Tuesday, January 16, 2007

Geek Speek Primer Series - Hard Disk Fragmentation

Okay, some of you are having difficulty understanding precisely what I'm talking about, both here on my 'blog and on my invoices. This is not due to a failure on either persons part; rather, it is a failure in communications.

So for the next few entries, I will try to bring some of the more technical terms I may use to the table and discuss them in more detail.

Here Goes!

defrag - DOS and Windows command that invokes the process of defragmentation.

defragmentation -
(or defragging) is a process that reduces the amount of fragmentation in file systems. It does this by physically reorganizing the contents of the disk in order to store the pieces of each file close together and in order (contiguously). It also attempts to create larger regions of free space using compaction to impede the return of fragmentation. (from Wikipedia)

file system fragmentation, sometimes called file system aging, is the inability of a file system to lay out related data sequentially (contiguously), an inherent phenomenon in storage-backed file systems that allow in-place modification of their contents. It is a special case of data fragmentation. File system fragmentation introduces disk head seeks, which are known to hinder throughput. (from Wikipedia)

malware -
malicious software is software designed to infiltrate or damage a computer system without the owner's informed consent. It is a portmanteau of the words "malicious" and "software". The expression is a general term used by computer professionals to mean a variety of forms of hostile, intrusive, or annoying software or program code. (from Wikipedia)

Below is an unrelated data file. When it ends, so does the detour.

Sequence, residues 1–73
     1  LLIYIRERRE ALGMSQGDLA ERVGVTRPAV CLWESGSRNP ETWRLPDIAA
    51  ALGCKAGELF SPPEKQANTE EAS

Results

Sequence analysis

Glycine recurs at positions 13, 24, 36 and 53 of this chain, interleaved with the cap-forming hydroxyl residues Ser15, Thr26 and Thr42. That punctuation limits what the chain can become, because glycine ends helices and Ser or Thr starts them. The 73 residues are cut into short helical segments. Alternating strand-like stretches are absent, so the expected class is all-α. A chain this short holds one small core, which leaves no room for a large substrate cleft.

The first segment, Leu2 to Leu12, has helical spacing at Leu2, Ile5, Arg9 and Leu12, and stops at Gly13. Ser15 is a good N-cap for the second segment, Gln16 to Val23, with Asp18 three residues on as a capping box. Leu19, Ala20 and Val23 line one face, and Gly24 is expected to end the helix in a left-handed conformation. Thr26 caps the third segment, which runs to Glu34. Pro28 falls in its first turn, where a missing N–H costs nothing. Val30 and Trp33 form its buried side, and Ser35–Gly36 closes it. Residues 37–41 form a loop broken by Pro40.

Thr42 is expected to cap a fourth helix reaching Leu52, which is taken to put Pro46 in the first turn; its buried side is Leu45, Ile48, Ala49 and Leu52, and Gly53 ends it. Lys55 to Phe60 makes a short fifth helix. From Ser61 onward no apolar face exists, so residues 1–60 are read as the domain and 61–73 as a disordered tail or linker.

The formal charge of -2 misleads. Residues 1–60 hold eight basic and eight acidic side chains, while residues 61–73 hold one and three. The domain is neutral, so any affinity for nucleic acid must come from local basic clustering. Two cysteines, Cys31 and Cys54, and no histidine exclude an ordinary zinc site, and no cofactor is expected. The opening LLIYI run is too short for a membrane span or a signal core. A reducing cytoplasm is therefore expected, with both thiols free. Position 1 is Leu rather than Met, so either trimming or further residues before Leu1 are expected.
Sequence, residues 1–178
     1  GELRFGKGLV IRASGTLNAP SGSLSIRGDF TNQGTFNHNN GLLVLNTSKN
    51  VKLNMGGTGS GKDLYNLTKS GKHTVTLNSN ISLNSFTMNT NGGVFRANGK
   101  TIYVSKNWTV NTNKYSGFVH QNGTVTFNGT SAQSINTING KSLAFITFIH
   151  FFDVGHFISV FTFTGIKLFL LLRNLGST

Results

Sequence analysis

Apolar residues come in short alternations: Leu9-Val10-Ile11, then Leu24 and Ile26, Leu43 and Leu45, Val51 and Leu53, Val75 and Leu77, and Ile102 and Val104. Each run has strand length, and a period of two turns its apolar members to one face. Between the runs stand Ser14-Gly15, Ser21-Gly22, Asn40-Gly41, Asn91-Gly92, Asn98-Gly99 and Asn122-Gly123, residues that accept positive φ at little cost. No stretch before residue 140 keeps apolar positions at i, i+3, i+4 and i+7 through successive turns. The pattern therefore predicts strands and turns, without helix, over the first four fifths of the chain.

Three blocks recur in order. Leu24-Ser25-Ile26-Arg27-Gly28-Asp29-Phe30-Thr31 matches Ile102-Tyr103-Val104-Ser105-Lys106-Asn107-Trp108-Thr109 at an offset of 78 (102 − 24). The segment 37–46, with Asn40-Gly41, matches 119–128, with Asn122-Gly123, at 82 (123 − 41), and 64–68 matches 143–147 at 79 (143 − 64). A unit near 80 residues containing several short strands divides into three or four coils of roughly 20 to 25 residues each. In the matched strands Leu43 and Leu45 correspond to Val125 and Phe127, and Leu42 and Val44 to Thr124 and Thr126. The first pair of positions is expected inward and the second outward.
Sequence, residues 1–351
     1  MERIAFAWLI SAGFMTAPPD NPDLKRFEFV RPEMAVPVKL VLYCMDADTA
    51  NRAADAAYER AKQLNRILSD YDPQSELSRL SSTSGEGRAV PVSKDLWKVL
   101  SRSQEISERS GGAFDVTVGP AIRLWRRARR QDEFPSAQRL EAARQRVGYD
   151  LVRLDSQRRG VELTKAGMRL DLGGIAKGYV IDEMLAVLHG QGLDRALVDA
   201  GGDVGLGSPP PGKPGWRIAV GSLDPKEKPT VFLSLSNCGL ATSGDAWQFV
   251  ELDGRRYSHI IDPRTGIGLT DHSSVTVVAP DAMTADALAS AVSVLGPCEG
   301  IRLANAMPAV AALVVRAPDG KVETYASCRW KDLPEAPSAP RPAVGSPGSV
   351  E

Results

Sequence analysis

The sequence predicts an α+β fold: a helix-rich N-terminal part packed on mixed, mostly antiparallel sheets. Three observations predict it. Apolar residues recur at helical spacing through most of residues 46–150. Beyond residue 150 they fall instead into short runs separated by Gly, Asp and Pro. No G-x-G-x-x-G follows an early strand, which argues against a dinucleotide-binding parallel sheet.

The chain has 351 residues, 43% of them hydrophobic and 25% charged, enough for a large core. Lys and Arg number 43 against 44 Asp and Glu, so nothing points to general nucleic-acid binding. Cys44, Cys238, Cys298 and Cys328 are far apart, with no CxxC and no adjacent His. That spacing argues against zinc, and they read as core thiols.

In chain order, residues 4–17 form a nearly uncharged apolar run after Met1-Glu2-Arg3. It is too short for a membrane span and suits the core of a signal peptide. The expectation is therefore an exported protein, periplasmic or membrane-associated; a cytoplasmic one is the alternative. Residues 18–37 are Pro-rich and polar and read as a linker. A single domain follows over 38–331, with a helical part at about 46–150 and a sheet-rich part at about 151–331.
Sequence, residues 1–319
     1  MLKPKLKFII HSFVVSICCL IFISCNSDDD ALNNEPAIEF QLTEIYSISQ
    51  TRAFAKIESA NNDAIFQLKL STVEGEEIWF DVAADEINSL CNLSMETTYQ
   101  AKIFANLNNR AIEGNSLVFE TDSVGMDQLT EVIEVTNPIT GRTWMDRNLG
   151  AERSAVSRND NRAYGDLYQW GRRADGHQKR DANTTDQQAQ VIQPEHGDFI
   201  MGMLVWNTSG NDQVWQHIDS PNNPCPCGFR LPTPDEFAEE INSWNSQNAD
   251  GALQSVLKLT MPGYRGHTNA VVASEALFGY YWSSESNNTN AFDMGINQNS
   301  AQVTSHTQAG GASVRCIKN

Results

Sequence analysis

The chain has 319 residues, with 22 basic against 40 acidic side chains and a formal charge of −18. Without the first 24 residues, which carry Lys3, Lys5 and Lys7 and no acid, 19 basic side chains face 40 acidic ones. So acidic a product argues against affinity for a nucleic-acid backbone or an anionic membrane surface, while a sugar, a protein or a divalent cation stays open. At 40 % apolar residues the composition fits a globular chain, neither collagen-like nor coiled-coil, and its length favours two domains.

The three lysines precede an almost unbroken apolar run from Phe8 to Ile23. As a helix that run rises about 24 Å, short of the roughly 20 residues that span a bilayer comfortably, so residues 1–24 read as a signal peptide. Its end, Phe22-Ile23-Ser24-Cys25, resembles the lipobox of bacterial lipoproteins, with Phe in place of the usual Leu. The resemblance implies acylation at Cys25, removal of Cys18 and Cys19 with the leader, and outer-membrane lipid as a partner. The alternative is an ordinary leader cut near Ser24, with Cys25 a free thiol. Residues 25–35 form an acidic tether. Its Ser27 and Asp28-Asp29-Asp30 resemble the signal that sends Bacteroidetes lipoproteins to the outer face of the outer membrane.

page file - a file on your hard drive that emulates your computers random access memory (RAM - often the smallest of the vertical chips sticking up from the main computer board inside your tower or CPU). Items in memory that aren't used very often are written to the page file in order to free up space in the much faster RAM. The page file can also act as additional RAM once all of your physical RAM is in use. Since the page file is on the hard disk, transfer into and out of the page file is limited by the speed at which your hard disk operates. Hard disks rely on relatively slow mechanical systems to read and write information, dealing with memory paged to the hard disk is substantially slower than working with memory in the RAM chips. This is why the computer slows down when it is out of physical memory - it must instead perform tremendous amounts of reads and writes on the hard drive that it uses for its memory.

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